Moreover, constitutional transformations since 1997 have reduced the UK government’s policy reach in Scotland, Wales, and Northern Ireland. Devolved governments now have the power to pass laws in a number of policy areas from healthcare, education and housing, to transport and policing that differ from those passed by Westminster. More importantly, consider clause 2 of the Scotland Bill 2015 by which the Scottish Parliament and the Scottish Government become ‘a permanent part of the United Kingdom’s constitutional arrangements’. If passed, this clause will entrench devolution against the legislative reaches of the Westminster Parliament – which is nothing short of revolutionary in constitutional terms. So with respect to the government of regions now ruled by devolved bodies, the Westminster model has also effectively ceased to exist.
Put differently, the major political changes and constitutional reforms of the past 20 years have given rise to practices more typical of a federal system than of the Westminster model, such as the sharing of power, the decentralization of authority, and the coordination of policy between different parties and governments. In the absence of a better name, Vernon Bogdanor has referred to the new settlement as the New British Constitution.
Power-sharing with the EU
These domestic transformations should inform the UK’s relationship with the EU. The reality is that, much like at home, sovereignty and power are shared between the EU and its constituent parts.
Political actors should start from the premise that the Westminster model has had its day. Political parties have accumulated ample experience of domestic power-sharing – from the negotiation on Capital Gains Tax with the Liberal Democrats, to the allocation of financial resources to fund the Scottish Government’s new powers- and this experience should be drawn upon to make its engagement within the EU more constructive. How?
The first step is to recognize that the major crises currently afflicting the EU- the tribulations of the Eurozone, the movement of Syrian refugees and the renewed threat of Russia- will affect British economic and security interests whether the country is ‘in’ or ‘out’. Beyond the immediate horizon, the UK shares the long-term challenges of its European partners: tackling falling labour productivity, reducing carbon emissions, developing green technologies. By choosing to stay ‘out’, the UK will be deprived of any influence over the way these crises are resolved and challenges confronted.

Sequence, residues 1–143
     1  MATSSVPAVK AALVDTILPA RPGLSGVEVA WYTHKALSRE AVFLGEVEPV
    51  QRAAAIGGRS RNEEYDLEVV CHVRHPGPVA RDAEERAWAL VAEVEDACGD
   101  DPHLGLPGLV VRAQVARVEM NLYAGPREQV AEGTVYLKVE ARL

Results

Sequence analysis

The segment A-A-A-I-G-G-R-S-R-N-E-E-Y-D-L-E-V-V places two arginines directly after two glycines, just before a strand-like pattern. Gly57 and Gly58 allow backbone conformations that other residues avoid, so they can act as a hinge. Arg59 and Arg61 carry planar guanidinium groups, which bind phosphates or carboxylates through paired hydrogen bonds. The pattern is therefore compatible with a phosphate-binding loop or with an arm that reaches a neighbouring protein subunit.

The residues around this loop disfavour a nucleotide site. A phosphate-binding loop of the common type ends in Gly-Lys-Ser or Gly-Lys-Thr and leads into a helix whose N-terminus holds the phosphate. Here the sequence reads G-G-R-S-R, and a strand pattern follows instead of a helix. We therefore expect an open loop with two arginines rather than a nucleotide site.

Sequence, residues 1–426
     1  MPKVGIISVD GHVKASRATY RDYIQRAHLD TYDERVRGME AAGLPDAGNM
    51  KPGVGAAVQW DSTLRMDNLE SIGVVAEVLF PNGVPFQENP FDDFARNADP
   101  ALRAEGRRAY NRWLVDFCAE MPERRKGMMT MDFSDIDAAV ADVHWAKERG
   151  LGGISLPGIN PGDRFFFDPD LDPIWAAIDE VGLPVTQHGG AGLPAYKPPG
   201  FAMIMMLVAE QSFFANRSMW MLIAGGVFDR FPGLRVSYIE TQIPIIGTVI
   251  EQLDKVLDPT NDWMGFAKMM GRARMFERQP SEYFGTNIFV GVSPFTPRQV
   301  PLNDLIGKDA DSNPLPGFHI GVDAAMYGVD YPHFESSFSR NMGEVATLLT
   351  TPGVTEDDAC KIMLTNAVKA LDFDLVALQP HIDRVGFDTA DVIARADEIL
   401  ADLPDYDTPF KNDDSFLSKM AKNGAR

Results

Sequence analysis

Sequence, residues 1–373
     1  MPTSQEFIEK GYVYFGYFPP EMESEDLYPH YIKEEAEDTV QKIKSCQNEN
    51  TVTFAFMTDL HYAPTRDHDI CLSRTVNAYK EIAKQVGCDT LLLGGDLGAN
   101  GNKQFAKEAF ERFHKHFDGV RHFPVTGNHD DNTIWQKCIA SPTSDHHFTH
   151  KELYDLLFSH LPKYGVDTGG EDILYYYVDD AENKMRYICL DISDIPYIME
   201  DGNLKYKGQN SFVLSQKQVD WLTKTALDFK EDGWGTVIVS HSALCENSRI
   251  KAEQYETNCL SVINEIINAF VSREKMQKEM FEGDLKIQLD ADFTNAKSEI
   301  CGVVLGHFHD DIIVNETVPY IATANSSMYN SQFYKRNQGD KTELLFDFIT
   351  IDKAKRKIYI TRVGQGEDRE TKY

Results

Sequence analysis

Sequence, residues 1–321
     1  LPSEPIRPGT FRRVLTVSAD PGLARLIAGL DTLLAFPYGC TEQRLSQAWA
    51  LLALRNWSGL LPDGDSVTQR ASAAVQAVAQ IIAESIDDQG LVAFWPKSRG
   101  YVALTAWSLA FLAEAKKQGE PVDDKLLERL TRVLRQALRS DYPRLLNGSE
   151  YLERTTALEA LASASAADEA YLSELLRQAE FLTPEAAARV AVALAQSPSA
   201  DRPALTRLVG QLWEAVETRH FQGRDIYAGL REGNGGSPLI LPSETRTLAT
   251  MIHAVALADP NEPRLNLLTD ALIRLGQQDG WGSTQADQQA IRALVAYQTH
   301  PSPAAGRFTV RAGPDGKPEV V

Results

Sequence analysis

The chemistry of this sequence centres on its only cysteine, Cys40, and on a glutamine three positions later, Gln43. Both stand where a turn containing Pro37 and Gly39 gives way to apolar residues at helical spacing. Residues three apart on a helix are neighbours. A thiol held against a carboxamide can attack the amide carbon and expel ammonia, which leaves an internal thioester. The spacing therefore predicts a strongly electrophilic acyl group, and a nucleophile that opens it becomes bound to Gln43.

The second step is for the UK government is to wield influence by forming coalition with other European nations and by recovering its role as a constructive reformer of the EU. The UK has an illustrious tradition of helping to reform the EU in a positive way, while securing a special status in its national interest: pushing for the Single European Act and enhancing the competitiveness of the European economy; reforming the allocations of the European budget from farm subsidies to industrial, technological and social investments. The UK should now seek to build bridges with its estranged traditional allies- the Netherlands, the Nordics, and Germany- in order to shape the European policies that will help itself and the continent to navigate these turbulent seas.
As the referendum campaign gathers pace, the UK should embrace its experience of power-sharing at home to engage constructively with the EU and should make this the most compelling story for its continued membership.
Simon Toubeau is an Assistant Professor at the University of Nottingham and Jo Eric Khushal Murkens is an Associate Professor at the London School of Economics. Image credit: Wikipedia Commons.